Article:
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Open accessJournal ArticleDOI: 10.1038/S41467-021-21716-0

A multiplexed, automated evolution pipeline enables scalable discovery and characterization of biosensors.

04 Mar 2021-Nature Communications (Springer Science and Business Media LLC)-Vol. 12, Iss: 1, pp 1437-1437
Abstract: Biosensors are key components in engineered biological systems, providing a means of measuring and acting upon the large biochemical space in living cells. However, generating small molecule sensing elements and integrating them into in vivo biosensors have been challenging. Here, using aptamer-coupled ribozyme libraries and a ribozyme regeneration method, de novo rapid in vitro evolution of RNA biosensors (DRIVER) enables multiplexed discovery of biosensors. With DRIVER and high-throughput characterization (CleaveSeq) fully automated on liquid-handling systems, we identify and validate biosensors against six small molecules, including five for which no aptamers were previously found. DRIVER-evolved biosensors are applied directly to regulate gene expression in yeast, displaying activation ratios up to 33-fold. DRIVER biosensors are also applied in detecting metabolite production from a multi-enzyme biosynthetic pathway. This work demonstrates DRIVER as a scalable pipeline for engineering de novo biosensors with wide-ranging applications in biomanufacturing, diagnostics, therapeutics, and synthetic biology.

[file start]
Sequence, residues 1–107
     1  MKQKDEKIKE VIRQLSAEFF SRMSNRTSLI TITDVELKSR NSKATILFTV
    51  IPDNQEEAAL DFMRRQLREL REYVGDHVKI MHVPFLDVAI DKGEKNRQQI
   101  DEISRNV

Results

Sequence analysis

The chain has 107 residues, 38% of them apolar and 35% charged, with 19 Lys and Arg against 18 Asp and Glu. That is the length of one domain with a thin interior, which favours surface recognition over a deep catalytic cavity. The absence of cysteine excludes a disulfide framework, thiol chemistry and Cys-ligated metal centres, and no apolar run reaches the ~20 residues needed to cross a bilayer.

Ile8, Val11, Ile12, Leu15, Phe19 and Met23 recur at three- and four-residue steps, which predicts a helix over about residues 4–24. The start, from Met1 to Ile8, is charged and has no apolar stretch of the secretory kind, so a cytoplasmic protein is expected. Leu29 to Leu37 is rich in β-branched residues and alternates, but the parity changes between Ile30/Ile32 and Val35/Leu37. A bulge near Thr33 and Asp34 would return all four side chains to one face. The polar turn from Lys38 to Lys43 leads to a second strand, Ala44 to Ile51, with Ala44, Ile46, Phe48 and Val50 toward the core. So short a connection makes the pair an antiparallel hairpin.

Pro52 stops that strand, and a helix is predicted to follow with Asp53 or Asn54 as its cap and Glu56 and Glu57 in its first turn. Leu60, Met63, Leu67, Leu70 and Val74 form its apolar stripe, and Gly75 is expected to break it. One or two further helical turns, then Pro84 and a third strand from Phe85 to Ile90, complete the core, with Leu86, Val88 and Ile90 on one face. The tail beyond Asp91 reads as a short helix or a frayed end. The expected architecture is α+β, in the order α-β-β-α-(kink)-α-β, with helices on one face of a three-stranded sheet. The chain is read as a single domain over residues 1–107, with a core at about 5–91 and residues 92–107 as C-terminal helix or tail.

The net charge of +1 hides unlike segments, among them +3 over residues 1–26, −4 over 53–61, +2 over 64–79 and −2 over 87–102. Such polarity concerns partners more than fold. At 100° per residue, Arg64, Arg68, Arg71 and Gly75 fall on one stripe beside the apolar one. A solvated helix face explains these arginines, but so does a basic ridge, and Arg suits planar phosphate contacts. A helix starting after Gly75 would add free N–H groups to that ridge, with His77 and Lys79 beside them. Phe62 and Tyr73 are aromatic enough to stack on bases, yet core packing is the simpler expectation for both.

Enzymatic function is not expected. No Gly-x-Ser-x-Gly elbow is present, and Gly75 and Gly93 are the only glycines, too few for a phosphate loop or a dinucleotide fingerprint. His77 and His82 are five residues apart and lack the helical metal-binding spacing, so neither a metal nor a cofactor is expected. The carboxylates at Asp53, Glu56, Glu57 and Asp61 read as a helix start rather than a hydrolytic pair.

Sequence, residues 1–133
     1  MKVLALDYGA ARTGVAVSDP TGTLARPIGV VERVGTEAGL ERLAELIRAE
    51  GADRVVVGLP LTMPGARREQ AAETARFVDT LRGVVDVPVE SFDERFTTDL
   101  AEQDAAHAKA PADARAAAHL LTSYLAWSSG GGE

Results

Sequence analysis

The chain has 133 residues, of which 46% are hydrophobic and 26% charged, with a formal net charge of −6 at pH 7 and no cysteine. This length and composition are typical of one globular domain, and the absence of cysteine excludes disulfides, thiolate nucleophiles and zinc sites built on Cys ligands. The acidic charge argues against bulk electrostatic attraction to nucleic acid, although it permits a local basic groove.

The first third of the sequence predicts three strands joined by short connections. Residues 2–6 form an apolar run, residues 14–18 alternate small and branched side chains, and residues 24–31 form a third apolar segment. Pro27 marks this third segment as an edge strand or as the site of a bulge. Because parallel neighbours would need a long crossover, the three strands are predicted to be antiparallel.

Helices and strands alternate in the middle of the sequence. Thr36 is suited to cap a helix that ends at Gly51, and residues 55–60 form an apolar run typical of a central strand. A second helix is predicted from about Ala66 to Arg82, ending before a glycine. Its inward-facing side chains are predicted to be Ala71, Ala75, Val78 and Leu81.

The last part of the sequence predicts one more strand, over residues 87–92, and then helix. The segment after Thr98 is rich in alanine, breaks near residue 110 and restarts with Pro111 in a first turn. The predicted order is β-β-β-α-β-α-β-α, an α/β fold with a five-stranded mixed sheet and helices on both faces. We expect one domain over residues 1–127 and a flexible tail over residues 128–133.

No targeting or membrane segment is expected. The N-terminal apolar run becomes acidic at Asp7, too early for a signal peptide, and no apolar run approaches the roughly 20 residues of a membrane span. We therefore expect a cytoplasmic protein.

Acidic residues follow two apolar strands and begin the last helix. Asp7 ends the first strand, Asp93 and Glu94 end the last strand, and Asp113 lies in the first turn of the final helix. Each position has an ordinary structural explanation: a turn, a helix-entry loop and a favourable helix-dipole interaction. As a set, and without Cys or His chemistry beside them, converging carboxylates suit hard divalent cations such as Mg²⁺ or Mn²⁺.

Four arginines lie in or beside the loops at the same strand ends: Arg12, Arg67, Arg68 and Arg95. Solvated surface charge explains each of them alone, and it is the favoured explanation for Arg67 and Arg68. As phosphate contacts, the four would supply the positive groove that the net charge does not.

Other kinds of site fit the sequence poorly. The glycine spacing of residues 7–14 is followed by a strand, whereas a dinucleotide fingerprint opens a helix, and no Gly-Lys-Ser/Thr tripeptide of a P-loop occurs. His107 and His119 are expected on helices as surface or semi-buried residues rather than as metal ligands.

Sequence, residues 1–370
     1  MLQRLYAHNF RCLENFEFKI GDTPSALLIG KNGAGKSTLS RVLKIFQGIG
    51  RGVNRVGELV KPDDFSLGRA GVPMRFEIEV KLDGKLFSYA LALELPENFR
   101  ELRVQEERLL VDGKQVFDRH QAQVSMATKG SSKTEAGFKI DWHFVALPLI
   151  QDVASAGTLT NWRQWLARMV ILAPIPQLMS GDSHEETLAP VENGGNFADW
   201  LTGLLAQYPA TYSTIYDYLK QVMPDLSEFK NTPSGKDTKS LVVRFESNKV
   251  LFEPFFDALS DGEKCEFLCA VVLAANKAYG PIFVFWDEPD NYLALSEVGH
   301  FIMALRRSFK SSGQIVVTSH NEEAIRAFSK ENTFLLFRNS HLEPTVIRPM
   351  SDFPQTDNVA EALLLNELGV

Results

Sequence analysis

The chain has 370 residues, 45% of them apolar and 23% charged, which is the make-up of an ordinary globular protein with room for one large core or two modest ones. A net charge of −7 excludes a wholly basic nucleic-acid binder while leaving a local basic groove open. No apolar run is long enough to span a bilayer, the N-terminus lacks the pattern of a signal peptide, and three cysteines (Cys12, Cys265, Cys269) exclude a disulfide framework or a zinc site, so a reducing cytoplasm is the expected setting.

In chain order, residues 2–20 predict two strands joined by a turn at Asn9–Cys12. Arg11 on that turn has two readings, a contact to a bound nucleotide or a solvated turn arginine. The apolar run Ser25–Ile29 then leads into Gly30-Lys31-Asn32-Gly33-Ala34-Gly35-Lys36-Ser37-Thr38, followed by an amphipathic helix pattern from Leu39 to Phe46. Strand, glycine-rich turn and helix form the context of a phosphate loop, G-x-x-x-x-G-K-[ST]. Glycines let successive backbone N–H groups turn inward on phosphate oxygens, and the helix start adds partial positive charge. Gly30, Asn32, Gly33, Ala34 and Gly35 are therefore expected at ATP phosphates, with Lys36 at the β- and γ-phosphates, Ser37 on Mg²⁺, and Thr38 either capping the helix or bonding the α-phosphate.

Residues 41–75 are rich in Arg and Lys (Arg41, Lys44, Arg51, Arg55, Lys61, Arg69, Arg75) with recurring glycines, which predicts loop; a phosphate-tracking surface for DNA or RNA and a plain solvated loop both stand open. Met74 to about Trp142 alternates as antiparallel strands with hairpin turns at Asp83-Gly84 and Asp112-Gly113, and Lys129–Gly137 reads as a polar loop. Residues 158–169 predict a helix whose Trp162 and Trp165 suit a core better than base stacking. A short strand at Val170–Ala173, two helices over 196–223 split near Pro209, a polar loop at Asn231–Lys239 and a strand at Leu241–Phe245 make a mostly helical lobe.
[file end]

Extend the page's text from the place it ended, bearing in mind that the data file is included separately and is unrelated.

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Open accessJournal ArticleDOI: 10.1016/J.COGSC.2021.100567
Abstract: Plant natural products have been used for centuries to treat human illnesses, as recreational substances, and as flavouring and colouring agents in our food. Nowadays commercial scale manufacturing of plant natural products using extraction from natural resources or chemical synthesis pose challenges for environmental sustainability, such as species overexploitation. Bio-based synthesis of plant natural products in microbial cell factories can offer an attractive alternative as these processes reduce the use of natural plant resources and instead rely on renewable feedstocks as raw materials. Here, we review the most recent developments on sustainable supply of plant natural products by bio-based synthesis in yeast, with special focus on newly discovered and implemented plant natural product biosynthetic pathways, approaches for chemical diversification of natural products, and optimization of platform yeast cell factories. From this we discuss environmental considerations and the main challenges towards sustainable and robust microbial production of plant natural products based on fermentation.

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Open accessJournal ArticleDOI: 10.3390/PH14060554
Zachary J Tickner1, Michael Farzan1Institutions (1)